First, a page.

“As the insulation is outboard,” said the studio. “The douglas fir plywood and pine wood framing is left exposed on the interior for visual interest and for small storage shelves, inspired by William Turnbull Jr’s Hine House at Sea Ranch.”

Triple-glazed pine and aluminium-clad windows were set deeply into the walls to create sills that can double as seating, desks, and counters.

Blue kitchen cabinets
A kitchenette was outfitted with cobalt blue cabinetry

“Unlike many contemporary projects, there is a purposeful restraint in glazing,” said the studio. “This is a suburban-scaled site, but with the careful window placement, there is a feeling of being alone in a forest.”

The windows were also placed to create cross ventilation with square windows on the sides of the house facing neighbours, smaller to increase privacy.

White bathtub in bathroom with tiles
Its design was informed by the vernacular architecture of Ontario

The studio also limited concrete use by eliminating a basement, choosing instead to lay the house on a shallow foundation and concrete slab, which was then left exposed on the interior to avoid the use of additional flooring.

The underside of the roof deck, wood framing, exterior framing and white sheathing were also left exposed.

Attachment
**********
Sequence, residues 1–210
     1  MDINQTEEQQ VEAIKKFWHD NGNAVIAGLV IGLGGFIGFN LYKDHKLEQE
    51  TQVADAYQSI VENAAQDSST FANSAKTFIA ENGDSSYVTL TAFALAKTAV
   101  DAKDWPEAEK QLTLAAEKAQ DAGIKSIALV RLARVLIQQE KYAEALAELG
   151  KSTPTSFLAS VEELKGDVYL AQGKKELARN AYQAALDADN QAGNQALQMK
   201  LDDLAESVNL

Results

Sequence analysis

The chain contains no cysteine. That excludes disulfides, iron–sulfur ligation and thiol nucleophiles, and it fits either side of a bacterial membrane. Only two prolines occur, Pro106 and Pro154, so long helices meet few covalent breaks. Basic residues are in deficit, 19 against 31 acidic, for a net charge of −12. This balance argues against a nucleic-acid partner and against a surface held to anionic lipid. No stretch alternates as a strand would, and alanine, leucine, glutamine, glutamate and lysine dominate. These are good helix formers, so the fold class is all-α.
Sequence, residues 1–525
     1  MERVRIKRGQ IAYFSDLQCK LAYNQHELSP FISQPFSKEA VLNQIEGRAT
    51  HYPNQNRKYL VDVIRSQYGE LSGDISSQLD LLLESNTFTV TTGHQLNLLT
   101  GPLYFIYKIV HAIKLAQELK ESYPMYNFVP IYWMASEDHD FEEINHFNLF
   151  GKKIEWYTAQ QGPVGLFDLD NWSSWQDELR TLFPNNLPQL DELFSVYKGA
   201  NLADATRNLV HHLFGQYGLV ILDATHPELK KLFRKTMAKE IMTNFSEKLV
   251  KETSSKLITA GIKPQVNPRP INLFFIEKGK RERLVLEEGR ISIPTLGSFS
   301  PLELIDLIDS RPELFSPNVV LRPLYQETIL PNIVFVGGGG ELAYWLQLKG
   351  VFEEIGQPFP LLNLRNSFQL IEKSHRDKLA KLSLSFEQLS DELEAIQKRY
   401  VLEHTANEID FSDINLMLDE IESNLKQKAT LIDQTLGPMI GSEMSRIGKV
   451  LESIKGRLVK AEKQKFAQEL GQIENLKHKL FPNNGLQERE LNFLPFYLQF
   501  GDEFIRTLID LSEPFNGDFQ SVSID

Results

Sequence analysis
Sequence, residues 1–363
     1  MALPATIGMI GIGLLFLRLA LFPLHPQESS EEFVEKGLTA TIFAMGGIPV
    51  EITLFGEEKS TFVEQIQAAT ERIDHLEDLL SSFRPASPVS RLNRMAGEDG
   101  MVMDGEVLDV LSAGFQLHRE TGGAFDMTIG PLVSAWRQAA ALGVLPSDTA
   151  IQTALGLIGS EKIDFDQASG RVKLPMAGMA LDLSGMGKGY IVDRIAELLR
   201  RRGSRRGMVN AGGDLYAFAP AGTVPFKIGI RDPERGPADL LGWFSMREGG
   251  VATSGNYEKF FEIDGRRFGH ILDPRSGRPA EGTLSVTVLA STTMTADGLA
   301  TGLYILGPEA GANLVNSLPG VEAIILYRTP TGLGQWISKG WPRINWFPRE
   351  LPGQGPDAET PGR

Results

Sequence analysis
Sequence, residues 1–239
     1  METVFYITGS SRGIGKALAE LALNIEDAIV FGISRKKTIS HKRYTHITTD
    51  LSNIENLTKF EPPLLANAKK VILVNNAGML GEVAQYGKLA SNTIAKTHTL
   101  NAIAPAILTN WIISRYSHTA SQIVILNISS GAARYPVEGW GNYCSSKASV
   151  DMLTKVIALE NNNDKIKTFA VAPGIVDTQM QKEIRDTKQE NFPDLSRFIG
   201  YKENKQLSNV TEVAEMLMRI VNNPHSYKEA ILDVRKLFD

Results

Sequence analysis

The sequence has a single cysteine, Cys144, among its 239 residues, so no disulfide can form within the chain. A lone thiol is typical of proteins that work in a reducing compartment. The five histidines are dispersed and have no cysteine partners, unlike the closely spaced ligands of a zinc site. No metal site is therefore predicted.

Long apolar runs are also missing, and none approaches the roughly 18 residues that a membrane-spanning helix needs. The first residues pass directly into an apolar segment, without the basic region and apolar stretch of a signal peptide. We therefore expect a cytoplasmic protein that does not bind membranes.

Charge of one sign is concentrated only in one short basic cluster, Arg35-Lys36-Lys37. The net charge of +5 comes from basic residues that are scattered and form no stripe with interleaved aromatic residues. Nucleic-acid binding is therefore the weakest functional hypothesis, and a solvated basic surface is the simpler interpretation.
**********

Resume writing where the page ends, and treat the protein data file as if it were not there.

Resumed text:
Blue chair
The walls are made of Douglas fir plywood and pine wood framing

“Where multiple two-by-six studs form a column an arte povera (poor art) attitude is at play – no upgrading to solid wood, glulams, or wrapping the dimension lumber,” said the studio.

The house runs on a heat pump, LED lights, and an energy recovery ventilator for moisture management and “very little electricity”, with no gas connection.

Solar power infrastructure for hot water and electricity was incorporated into the house for later build-out, “when the owner’s budget allows”.

Ceiling fans were also installed in the bedrooms, living room and porch to move hot air down in the winter and help mitigate heat and humidity in the summer.

White cabin with snow on it
The studio is using the prefab wall panels piloted on the house on a multi-family housing project in Toronto

“During a major heat wave in 2023, the house stayed under 20 degrees with no air-conditioning,” said the studio.

The studio is using the prefabricated panels piloted during the project on a 16-unit affordable housing project in Toronto.

Workshop Architecture Inc is a Toronto-based architecture studio founded in 2010 by David Coluss and Helena Grdadolnik with a focus on sustainable and equitable residential projects.

Other recent residences built in Ontario include a cedar-clad holiday home tucked into a hill by Studio AC and a Toronto home with a pixilated brick facade by Partisans.

The photography is by Scott Norsworthy

Project credits:

Design team: David Colussi, Helena Grdadolnik, Nina Hitzler
Structural engineer: Konsolidated Structural
Mechanical and electrical engineer: CK Engineering
Passive House Certifier: Peel Passive House
Prefabrication: Simple Life Homes
Contractors: Evolve Builders Group, Muskoka River Fine Homes